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What is the first thing that comes to mind when you hear the term “photo walk”? I know a lot of people envision a pack of photographers, most of whom are strangers to one another, roaming around a given territory darting suspicious glances at each other while scoping out the best shots for themselves. Ok, that’s not how all photo walks go, but the whole group thing isn’t for everyone.
As an alternative, and my personal preference, I recommend solo photo walks. Here are 5 ideas to make your next (or first) solo photo walk an enjoyable and successful experience.
Go Off The Beaten Path
When it comes time to decide exactly where you’re going to conduct your photo walk, why not choose a not so obvious destination? Head to an area you rarely frequent. This will present you with novel situations and subjects. Newness can be exciting, and that excitement will be reflected in your photos. Or go to an area that isn’t teeming with other people. The feeling of openness and solitude will help relax you and get your creativity flowing.
Limit Your Gear
An enjoyable photo walk, in my opinion, doesn’t consist of sore shoulders and constant lens swapping. One camera. One lens. That’s all you need. This type of minimalism will force you to become more adept with whatever focal length you choose (unless you opt for the versatility of a zoom lens), requiring you to play with composition, framing, and perspective in order to get the shot you want. If you’ve never limited yourself to working at one focal length, it may be frustrating at first but I think you will eventually find it freeing. With that freedom comes the ability to relax as you shoot. And a relaxing photo walk is what we’re after, isn’t it?
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Don’t Think Every Shot Has To Be Amazing
Most of what you capture on your photo walk isn’t likely to be stuff you’ll print and hang on your wall. If you do come back with print worthy shots, that’s great! But don’t put that kind of pressure on yourself. A photo walk is about being in the moment and giving yourself the freedom to simply follow your instincts — no matter where that takes you — and not worry too much about the outcome. If you capture something that you’re particularly excited about, check to make sure it’s sharp and composed to your liking before moving on.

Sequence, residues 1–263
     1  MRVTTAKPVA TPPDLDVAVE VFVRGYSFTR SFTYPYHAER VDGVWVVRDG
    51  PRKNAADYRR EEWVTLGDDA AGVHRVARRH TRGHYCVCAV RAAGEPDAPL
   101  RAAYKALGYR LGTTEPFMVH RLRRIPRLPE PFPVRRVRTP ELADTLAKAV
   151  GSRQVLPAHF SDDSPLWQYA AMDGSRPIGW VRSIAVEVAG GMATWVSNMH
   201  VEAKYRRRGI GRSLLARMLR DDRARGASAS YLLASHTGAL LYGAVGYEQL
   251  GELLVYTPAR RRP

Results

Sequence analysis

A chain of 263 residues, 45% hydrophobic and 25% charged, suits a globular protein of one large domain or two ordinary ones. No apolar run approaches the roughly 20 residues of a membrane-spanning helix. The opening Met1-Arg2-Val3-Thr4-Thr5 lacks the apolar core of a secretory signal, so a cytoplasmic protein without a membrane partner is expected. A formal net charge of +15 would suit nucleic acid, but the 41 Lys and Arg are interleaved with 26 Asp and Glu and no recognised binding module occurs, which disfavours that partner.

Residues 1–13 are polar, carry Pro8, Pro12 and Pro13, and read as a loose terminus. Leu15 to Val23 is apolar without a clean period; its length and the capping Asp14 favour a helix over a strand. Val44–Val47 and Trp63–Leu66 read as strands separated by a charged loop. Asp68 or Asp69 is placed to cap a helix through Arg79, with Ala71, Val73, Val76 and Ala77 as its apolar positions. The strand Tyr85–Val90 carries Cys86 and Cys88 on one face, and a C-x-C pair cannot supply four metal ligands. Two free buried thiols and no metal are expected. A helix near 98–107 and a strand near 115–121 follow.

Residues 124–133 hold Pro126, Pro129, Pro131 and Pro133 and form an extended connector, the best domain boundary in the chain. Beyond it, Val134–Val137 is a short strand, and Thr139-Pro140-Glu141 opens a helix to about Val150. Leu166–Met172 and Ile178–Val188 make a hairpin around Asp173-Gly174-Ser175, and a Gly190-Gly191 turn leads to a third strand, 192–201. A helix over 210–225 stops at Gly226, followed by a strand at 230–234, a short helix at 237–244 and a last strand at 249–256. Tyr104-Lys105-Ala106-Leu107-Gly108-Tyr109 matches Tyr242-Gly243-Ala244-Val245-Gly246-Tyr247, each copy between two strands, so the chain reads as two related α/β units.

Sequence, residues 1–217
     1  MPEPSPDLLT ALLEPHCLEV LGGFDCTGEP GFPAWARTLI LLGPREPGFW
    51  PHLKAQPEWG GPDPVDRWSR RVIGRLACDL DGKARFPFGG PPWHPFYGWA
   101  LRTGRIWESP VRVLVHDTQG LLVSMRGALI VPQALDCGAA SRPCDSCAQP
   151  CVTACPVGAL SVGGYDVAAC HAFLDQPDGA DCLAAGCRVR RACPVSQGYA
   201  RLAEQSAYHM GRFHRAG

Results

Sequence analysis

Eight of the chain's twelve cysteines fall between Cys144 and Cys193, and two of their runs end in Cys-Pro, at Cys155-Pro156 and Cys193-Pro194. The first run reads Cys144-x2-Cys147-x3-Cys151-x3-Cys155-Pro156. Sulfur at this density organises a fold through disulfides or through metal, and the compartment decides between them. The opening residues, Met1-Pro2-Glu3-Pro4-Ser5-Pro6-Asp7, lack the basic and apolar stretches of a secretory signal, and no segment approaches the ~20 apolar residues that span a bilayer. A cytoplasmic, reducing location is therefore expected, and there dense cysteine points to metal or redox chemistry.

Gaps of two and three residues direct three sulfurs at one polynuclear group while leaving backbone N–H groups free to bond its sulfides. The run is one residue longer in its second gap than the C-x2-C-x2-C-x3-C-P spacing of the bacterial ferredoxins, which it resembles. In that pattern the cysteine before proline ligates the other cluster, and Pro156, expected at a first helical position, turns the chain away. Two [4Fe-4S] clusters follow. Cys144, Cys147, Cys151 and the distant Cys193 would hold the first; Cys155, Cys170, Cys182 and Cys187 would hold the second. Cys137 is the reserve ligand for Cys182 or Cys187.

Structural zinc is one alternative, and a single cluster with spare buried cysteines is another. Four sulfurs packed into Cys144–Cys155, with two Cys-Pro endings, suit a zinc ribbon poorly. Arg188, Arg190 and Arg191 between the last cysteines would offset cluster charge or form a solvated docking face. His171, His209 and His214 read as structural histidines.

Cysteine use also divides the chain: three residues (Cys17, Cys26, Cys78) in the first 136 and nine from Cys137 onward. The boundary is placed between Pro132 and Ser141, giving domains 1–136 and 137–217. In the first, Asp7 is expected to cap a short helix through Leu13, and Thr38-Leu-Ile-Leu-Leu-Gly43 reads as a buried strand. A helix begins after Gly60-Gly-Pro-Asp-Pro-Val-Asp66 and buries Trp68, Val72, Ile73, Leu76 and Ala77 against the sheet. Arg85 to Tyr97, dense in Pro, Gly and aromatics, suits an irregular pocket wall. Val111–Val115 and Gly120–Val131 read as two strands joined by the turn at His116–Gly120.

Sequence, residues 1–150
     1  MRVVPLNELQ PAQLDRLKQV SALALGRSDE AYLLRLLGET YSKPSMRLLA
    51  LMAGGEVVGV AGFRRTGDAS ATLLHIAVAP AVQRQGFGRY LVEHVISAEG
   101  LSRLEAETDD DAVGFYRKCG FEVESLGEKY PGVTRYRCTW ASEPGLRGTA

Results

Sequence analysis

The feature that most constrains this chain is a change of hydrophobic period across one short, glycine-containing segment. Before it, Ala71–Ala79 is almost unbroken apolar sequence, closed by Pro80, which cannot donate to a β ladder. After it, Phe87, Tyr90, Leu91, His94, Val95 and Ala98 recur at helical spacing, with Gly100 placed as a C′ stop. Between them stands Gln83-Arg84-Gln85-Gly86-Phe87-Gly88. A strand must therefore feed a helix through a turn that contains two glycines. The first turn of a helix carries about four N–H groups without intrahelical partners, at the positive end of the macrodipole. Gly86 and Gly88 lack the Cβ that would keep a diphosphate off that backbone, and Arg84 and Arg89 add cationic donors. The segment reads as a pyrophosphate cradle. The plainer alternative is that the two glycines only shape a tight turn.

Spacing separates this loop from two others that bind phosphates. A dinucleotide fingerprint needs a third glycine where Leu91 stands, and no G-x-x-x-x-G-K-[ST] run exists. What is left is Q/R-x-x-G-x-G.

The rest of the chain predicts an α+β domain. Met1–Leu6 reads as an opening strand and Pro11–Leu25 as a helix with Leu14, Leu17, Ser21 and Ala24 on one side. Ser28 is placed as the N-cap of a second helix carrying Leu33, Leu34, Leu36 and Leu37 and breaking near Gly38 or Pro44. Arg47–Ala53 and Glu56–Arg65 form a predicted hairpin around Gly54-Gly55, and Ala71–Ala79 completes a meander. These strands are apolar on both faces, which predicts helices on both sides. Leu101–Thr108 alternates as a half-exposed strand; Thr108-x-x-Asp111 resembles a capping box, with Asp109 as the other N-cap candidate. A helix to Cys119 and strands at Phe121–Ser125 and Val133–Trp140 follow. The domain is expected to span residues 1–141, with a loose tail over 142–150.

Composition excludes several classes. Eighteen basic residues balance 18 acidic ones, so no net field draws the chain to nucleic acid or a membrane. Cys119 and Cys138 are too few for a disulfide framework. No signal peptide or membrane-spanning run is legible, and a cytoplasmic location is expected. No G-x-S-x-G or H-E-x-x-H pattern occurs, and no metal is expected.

When In Doubt, Take The Shot
Just shoot what you like. This is, again, all about instinct. If your gut tells you to take the shot, take it. It’s a rule that street photographers live by and it’s one that photographers of all stripes might find value in. It’s definitely a rule to abide by when you’re on photo walk. You have nothing to lose…other than a potentially good shot, because no single opportunity that you pass up will ever recur in exactly the same way. Going home with regrets about all the times you didn’t press the shutter button is going to mar the overall feeling of your walk. Don’t let that happen.
Perhaps the biggest advantage of a solo photo walk is that you don’t have a group to keep up with, so you can take all the time you want in one spot. You don’t necessarily have to spend the whole photo walk actually walking. In a street/urban scenario, for example, you can find a scene you like, establish a strong composition and wait for something to happen within that frame. Move to the next scene your leisure.
Final Thoughts On Solo Photo Walks
A solo photo walk should be a bonding exercise for you and your camera, free of any critical expectations and time constraints. Use that time to develop new skills, refine skills you’ve previously acquired, see new things and see familiar things in a new way.